What The Sixers Should Learn From The NBA Finals

(Photo by Mitchell Leff/Getty Images)
(Photo by Mitchell Leff/Getty Images) /
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Philadlephia 76ers
Philadelphia 76ers (Photo by Tim Nwachukwu/Getty Images) /

Consistency and stability are important for a team.

There is nothing the Sixers can do about this, just a reminder they’ve botched nearly every important decision after the Sam Hinkie regime, and are paying the price.

This is funny when you consider the fact that the Heat were a play-in team that made the NBA Finals, but that was flukey when you take into consideration the history of the league. Congratulations to the Heat on their historic run, but this should not be something teams should attempt to replicate.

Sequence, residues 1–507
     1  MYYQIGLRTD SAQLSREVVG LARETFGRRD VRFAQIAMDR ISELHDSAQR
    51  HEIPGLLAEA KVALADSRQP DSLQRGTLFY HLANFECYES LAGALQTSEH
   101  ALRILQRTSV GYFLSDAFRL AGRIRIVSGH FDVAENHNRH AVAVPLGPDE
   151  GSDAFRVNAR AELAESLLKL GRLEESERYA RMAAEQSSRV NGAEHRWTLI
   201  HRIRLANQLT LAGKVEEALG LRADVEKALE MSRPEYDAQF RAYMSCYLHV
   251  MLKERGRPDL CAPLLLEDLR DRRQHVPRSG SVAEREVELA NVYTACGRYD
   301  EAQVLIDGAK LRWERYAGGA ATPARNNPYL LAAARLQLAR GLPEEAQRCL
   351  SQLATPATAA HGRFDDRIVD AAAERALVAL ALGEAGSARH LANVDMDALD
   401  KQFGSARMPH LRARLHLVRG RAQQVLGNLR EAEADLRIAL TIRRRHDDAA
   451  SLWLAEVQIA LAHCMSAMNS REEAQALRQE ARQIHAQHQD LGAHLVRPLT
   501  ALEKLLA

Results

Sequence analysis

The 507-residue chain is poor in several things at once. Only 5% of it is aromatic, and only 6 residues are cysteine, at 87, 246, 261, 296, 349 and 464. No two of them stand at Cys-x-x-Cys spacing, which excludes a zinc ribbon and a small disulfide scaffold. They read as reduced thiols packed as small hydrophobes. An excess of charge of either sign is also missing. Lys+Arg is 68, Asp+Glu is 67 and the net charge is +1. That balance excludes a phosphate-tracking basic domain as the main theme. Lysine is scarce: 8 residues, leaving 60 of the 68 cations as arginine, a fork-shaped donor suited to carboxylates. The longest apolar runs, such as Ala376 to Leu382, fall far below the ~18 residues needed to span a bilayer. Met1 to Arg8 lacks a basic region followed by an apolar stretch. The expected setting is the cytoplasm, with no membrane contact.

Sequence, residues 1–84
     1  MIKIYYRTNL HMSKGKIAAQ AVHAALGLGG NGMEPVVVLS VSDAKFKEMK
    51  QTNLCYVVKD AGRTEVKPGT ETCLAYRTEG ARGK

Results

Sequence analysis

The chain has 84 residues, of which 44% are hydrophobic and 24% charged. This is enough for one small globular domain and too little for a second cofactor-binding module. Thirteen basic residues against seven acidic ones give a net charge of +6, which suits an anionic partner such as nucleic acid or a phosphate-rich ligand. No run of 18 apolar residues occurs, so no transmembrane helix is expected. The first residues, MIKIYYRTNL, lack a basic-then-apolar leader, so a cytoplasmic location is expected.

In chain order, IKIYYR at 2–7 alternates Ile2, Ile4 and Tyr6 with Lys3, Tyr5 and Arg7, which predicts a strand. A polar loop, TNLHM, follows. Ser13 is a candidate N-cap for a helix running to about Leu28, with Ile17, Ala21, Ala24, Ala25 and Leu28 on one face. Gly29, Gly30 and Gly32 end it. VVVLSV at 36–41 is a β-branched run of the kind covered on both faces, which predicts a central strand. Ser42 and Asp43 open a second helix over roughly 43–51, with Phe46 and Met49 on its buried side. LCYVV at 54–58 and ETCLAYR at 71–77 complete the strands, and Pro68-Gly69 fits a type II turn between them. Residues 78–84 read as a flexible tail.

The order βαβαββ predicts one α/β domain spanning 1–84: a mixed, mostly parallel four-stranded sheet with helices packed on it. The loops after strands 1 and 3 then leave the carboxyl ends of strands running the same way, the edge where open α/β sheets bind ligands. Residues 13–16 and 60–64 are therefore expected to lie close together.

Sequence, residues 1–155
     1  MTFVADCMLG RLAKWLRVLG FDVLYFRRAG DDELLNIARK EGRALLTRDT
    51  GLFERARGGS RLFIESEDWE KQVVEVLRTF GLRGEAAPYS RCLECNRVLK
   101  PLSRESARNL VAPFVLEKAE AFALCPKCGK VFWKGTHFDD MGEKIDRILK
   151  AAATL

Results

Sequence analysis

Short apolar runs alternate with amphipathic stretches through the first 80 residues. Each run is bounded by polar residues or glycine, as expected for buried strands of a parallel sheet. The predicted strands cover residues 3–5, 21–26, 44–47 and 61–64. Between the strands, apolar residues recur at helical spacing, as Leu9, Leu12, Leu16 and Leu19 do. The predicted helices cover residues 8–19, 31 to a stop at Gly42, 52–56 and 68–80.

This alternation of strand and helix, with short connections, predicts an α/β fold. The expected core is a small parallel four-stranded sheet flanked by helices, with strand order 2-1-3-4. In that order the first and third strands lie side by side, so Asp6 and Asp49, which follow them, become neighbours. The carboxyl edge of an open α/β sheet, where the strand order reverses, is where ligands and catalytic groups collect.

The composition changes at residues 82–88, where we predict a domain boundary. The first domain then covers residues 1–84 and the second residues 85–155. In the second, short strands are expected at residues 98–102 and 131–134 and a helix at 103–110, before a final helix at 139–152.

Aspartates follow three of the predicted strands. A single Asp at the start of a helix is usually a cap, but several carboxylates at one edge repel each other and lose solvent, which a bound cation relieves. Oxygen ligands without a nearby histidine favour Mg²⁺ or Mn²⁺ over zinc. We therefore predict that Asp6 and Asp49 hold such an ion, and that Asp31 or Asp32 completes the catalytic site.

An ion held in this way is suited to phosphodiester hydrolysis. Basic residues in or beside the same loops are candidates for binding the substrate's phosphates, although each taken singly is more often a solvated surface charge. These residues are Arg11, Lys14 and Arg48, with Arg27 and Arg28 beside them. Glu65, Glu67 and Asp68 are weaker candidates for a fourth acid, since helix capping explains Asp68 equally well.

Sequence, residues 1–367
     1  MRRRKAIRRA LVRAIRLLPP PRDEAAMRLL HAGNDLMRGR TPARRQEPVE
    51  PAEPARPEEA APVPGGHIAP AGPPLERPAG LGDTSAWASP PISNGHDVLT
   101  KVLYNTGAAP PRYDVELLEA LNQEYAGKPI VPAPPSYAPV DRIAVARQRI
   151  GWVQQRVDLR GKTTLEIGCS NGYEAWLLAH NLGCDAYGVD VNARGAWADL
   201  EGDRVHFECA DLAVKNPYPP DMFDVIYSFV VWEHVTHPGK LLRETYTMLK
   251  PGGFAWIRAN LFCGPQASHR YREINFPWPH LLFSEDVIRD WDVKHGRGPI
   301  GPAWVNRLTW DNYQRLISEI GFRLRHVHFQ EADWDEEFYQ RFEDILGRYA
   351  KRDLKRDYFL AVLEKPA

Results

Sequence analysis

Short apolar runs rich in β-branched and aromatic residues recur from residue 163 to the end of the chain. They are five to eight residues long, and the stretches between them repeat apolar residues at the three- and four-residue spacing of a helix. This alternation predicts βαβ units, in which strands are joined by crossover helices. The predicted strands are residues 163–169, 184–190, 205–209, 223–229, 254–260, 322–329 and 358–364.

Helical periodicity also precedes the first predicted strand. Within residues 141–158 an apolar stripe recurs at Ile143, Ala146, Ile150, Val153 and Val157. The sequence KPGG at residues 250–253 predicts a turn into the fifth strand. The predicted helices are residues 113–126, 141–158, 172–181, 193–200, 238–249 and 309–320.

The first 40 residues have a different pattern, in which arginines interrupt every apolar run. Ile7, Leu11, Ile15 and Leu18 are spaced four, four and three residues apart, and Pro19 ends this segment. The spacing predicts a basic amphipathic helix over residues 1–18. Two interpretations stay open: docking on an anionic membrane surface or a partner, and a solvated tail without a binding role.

Maybe Embiid could take it easy down the stretch of next year when it is closer to playoff time, but doing this the entire season would be a mistake. Jokic appeared to dial things back once it became clear his team would be the top seed in the Western Conference whether he dominated or not. Of course, this would not be possible without good coaching and teammates, but even with their flaws, the next iteration of the Sixers appears to meet the requirements to some extent.

The Nuggets beat up on teams in the regular season and were rewarded with a playoff run that included three play-in teams. Meanwhile, the Sixers had Doc Rivers forfeiting games by playing Montrezl Harrell and refusing to experiment with or develop the young players. Christian Braun, Max Strus, Gabe Vincent, Caleb Martin, and Haywood Highsmith (Sixers legend) were all key players in this year’s playoffs because Michael Malone and Erik Spoelstra were willing to play them, while Rivers preferred to stunt the development of the team’s second best player in Tyrese Maxey, (Harden does not care about playoff basketball enough to qualify) and the team’s only playable backup center in Paul Reed.